In QFT, the probability of what particle comes out is decided by a complicated equation. Physicists solve it with a clever trick. They write out the solution as a sum of much simpler terms (summands), which is then squared. Technically, the sum contains infinitely many terms, but for many scenarios only the first few terms matter. Each of the terms in the sum contains physical quantities related to the incoming and outgoing particles, like their momentum, mass, and charge, all of which can be directly observed. However, each term can also contain physical quantities (like mass or charge) that correspond to entirely different particles, which are never observed. These are what are known as the virtual particles.

Before the LHC existed, in the 1940s, the renowned physicist Richard Feynman introduced a diagrammatic technique that made the role of the virtual particles clear. For each term in the sum for the QFT calculation, a so-called Feynman diagram can be drawn that depicts the incoming and outgoing particles. Virtual particles are drawn popping up in the center. These diagrams greatly aid in doing the complicated calculations. For every line in a diagram, for example, a physicist simply sticks another variable in their solution.

Feynman diagrams can seem to provide a temptingly accurate picture of what goes on in an experiment. However, for any experiment, there are actually infinitely many different Feynman diagrams, one for each term in the sum. This poses an interpretive problem because it seems incoherent. The theory suggests that anytime particle relatives shake hands at the family reunion, every other relative (an infinite number of them!) also stick theirs hands in.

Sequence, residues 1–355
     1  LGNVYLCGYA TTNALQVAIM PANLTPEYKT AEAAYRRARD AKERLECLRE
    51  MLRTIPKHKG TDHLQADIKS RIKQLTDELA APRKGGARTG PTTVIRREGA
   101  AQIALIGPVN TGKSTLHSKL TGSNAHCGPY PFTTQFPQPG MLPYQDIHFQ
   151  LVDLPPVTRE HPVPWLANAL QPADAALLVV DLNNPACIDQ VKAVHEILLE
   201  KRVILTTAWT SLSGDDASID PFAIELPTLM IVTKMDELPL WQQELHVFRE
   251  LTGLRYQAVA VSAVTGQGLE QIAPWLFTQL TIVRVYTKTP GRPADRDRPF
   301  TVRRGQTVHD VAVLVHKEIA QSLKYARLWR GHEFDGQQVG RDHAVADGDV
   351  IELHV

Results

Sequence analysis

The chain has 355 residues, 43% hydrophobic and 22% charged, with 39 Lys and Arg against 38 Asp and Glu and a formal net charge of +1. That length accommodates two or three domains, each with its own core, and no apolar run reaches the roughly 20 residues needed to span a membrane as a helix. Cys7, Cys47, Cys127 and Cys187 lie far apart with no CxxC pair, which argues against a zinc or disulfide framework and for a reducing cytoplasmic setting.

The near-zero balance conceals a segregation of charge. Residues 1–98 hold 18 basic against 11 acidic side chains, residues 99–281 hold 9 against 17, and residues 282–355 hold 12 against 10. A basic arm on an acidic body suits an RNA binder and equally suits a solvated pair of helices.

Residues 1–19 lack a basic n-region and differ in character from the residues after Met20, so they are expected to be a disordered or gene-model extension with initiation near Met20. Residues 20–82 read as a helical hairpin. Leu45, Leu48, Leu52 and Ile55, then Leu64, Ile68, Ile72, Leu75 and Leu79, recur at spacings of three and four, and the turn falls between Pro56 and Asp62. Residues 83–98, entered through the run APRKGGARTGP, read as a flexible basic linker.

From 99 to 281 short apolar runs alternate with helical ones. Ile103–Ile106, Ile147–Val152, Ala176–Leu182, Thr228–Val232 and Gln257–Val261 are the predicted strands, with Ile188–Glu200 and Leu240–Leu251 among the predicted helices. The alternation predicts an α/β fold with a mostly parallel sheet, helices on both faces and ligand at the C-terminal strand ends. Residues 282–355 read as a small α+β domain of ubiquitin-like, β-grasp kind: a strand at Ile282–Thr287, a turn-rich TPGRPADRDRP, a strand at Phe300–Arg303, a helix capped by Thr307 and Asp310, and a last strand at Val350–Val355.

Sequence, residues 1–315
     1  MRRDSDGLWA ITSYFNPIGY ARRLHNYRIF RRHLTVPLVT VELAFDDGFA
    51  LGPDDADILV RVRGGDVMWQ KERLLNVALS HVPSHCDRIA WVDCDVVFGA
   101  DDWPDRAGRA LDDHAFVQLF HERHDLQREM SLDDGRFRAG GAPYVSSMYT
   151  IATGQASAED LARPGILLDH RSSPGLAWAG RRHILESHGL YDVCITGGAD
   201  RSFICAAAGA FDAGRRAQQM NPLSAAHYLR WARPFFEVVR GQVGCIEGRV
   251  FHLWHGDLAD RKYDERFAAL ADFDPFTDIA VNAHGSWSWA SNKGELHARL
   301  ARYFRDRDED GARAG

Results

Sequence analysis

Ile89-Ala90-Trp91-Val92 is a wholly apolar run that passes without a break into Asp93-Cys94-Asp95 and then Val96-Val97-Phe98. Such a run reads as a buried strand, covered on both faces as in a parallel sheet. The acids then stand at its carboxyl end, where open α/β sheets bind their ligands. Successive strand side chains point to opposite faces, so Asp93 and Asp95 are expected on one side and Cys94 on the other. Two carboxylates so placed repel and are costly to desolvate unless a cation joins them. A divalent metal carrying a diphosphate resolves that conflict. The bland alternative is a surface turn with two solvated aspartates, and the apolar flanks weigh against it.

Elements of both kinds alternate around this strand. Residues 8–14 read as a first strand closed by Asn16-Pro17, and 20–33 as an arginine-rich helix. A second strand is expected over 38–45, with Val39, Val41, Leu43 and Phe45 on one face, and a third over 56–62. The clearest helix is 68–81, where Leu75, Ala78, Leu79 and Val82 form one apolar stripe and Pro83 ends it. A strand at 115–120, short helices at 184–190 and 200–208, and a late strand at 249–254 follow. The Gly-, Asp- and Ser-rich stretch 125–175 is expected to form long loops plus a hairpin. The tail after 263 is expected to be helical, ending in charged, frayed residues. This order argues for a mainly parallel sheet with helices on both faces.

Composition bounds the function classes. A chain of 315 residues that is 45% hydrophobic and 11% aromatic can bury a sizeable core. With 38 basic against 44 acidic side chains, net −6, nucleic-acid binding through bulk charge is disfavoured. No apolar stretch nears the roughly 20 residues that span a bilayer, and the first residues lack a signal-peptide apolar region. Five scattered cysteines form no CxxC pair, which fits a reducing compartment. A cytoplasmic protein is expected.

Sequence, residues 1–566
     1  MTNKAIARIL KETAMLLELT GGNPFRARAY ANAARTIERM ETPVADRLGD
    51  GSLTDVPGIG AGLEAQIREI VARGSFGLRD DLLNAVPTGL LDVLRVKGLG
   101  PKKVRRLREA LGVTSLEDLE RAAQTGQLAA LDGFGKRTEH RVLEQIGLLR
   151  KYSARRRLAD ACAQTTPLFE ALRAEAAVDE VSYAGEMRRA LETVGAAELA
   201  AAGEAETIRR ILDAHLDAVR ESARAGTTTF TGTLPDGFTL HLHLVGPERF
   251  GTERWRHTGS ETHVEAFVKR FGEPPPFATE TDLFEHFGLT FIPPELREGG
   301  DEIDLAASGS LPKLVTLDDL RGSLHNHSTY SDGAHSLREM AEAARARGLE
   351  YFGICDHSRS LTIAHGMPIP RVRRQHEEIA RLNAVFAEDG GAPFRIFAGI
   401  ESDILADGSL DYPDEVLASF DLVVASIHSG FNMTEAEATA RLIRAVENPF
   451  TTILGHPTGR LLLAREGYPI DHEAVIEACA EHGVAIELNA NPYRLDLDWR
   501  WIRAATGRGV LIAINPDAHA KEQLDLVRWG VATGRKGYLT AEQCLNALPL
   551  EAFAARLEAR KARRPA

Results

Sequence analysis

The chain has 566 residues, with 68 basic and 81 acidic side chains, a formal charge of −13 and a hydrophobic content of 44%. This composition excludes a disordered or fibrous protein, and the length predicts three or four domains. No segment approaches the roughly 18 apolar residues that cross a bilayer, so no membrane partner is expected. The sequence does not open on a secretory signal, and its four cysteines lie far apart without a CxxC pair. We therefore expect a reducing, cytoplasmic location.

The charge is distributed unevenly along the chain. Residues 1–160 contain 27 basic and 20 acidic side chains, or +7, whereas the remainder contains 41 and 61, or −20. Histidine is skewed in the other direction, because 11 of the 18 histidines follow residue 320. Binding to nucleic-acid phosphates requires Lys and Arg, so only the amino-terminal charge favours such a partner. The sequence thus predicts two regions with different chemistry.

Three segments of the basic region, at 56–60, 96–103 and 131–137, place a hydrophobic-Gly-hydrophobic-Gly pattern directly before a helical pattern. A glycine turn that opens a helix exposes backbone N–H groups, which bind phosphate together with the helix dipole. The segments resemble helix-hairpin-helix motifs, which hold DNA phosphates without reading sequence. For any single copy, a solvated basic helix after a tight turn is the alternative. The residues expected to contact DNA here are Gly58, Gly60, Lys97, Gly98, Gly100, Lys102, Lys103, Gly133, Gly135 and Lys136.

One of Feynmans well-known contemporaries, Freeman Dyson, addressed this problem by making it clear that Feynman diagrams did not show a literal picture of reality. They were only supposed to be used as an aid to doing the math. On the other hand, Feynman sometimes suggested that the pictures actually were representative of reality.

But regardless of their interpretation, the diagrammatic technique caught on. And the virtual particles in the diagrams and the mathematics became objects of constant reference for physicistseven though the math was only meant to predict the outcomes of scattering experiments. The process of particles colliding into each other, which one would naively expect to be about forces and energy, turned out to be about virtual particles.

Image: Wikipedia/Krishnavedala

The fundamental thing that makes you know that the physical world is there is forces. Like you bang into things, right? Jaeger said, hitting his hand on the desk in his office. Ow! So thats something there. There's a world out there that's transmitted by a force. But when you try to [mathematically] understand this process of transmission, from the point of view of whats out there, and whats its structure, you end up with these virtual particles.

Many physicists who focus on quantitative results believe in a reality filled with virtual particles because QFT performs astoundingly well, predicting the outcomes of countless experiments. And QFT is rampant with virtual particles.